Repsol YPF SA (REP) will cut its dividend payout ratio, the highest among major oil producers, to increase production outside Argentina after its YPF SA (YPFD) unit was seized. The stock fell to a three-year low.
Spain’s biggest oil company will pay 40 percent to 55 percent of this year’s profit in dividends, the company said today in a regulatory filing. That implies cutting the dividend as much as 40 percent, based on analyst estimates for profit. Repsol plans to increase the production of crude and natural gas from its remaining assets by 7 percent a year through 2016 and add new reserves covering 120 percent of the oil pumped.
Chairman Antonio Brufau is meeting investors today to explain his plans to reshape the Madrid-based company after Argentine President Cristina Fernandez de Kirchner in April nationalized its YPF unit, her country’s largest oil company. Analysts’ concerns have focused on how Repsol will finance its expansion after the loss. Standard & Poor’s last month reduced the credit rating to BBB-, saying it may cut the company’s debt one more step to junk unless borrowings are lowered.
“They’ve partially sated the ratings agencies but at a big cost,” said Stuart Joyner, an analyst at Investec Securities in London who has a “sell” rating on the stock. “Repairing the damage done by YPF was always going to take years and not months.”
YPF contributed 26 percent of 2011 operating profit and had 45 percent of Repsol’s 2.2 billion barrels of proven reserves.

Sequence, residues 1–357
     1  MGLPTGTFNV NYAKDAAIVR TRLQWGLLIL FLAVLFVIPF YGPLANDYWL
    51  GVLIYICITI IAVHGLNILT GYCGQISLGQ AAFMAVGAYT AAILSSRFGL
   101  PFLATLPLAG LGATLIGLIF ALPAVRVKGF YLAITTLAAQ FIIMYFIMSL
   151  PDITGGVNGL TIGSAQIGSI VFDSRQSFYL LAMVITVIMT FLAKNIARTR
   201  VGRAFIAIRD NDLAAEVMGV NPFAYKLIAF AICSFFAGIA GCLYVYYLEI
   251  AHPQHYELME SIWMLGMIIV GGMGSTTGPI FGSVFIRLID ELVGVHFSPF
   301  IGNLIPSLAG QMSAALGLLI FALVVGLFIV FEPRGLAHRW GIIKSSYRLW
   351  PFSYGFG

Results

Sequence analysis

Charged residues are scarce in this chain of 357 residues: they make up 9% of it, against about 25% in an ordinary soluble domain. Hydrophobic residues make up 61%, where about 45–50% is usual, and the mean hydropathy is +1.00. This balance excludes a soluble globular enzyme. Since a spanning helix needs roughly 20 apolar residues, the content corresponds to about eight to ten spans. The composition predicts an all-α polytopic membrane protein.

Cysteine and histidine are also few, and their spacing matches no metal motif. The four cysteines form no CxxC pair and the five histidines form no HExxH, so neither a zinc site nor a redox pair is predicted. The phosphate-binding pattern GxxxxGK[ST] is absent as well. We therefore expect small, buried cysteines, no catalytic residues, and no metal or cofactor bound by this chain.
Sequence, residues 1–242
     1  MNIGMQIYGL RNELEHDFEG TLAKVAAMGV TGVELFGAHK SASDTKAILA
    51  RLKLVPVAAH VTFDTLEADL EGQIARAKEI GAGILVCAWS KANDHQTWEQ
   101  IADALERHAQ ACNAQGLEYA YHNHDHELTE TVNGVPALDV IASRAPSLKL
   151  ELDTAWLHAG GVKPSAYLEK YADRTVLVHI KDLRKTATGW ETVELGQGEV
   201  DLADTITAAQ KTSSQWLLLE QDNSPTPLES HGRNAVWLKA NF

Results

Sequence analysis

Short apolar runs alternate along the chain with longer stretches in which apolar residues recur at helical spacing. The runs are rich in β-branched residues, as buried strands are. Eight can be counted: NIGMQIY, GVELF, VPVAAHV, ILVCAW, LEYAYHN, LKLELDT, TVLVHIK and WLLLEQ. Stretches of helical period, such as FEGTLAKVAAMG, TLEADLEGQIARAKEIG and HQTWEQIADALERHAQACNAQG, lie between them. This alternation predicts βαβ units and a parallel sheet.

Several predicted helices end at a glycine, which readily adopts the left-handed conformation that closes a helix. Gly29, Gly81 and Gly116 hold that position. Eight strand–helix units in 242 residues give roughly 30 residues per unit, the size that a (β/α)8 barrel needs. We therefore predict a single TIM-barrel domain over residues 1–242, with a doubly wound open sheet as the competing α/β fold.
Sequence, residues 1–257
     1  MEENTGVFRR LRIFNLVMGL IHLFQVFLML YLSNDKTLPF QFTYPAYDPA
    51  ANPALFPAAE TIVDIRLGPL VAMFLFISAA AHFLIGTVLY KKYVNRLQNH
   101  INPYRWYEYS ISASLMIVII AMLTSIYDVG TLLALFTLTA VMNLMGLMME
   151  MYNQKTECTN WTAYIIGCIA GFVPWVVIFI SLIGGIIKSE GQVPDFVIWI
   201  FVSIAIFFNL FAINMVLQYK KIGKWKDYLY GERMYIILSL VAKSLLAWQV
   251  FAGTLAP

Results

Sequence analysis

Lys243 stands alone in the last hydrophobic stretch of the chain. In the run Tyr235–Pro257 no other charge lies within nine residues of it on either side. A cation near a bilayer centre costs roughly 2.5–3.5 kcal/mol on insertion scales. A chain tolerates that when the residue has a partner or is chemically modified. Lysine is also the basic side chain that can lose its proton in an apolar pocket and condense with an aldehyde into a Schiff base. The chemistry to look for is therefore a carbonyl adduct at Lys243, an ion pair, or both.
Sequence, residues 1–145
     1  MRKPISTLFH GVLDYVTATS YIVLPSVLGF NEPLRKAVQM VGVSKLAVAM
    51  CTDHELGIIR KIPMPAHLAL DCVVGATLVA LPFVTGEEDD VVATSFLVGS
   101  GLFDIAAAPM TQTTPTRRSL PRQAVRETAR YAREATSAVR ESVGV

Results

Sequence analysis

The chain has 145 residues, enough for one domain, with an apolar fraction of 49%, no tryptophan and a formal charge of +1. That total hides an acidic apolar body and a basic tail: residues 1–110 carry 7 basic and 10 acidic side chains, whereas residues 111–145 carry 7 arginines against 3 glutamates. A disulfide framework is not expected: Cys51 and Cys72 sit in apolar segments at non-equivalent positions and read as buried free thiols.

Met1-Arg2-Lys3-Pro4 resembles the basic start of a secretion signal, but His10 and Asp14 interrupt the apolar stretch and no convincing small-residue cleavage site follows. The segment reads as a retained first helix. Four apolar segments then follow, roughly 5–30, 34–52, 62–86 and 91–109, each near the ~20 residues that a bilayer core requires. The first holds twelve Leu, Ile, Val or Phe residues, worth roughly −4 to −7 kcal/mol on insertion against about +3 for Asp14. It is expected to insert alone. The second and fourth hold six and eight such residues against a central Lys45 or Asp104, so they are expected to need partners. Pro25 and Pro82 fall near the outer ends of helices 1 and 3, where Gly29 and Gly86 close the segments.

Repsol dropped 7.2 percent, its biggest decline since November 2008, to 12.83 euros in Madrid. That confirmed its place as the worst performer on the 23-member Bloomberg Integrated Oils Index (BRNGINTO) this year.
“For sure, the dividend per share will be lower,” Brufau said today at a press conference in Madrid.
He said existing shareholders will see their stakes diluted by about 6 percent by 2016 as the company issues new stock to pay dividends and offers the holders of 3 billion euros of preference shares the option to swap those for mandatory convertible bonds.
The company paid 64 percent of profit last year. The new payout range implies cutting the dividend 17 percent to 40 percent this year, based on Repsol earning 1.741 euros a share, the average of 25 analyst estimates compiled by Bloomberg.
Repsol’s expansion will be self-financing, the chairman said. The group will generate more than 8 billion euros ($10 billion) of free cash flow over the next four years for paying investors and reducing its debt. The forecast assumes the price of crude will remain at about $100 a barrel over the period. The cash pile would be cut by 1.5 billion euros if oil was $80.
Benchmark Brent crude has averaged about $118 a barrel in London this year. Brufau said he’s convinced the price of crude will rise.
Other measures that may be considered to lower debt by 7 billion euros to 9 billion euros include disposing of its 5 percent of treasury stock and as much as 4.5 billion euros of asset sales, it said in the presentation.
Repsol will spend $1 billion a year hunting for new oil deposits and drill 25 to 30 wells annually. That amounts to $6.50 for each barrel of oil produced, more than twice the average investment rate for the industry, Brufau said. He aims to find as much as 250 million barrels of new reserves each year.
“The upstream business will be the motor of growth,” he said.
The company will reach its production target pumping oil and gas from 10 new projects in the U.S., Europe, Latin America and North Africa. Those 10 sites, costing 6.3 billion euros to set up, will add 200,000 barrels a day to output by 2016.
“When a company comes out and says it will grow at 7 percent a year there are risks around that,” Joyner said. “What they have presented today is a little bit of a rosy picture.”
Repsol’s payout ratio of was the highest among the 23 members of the Bloomberg Industries Integrated Oil Producers Index. Eni SpA (ENI) ranked second with 53 percent while Exxon Mobil Corp. (XOM:US), the world’s biggest oil producer, paid out 23 percent.
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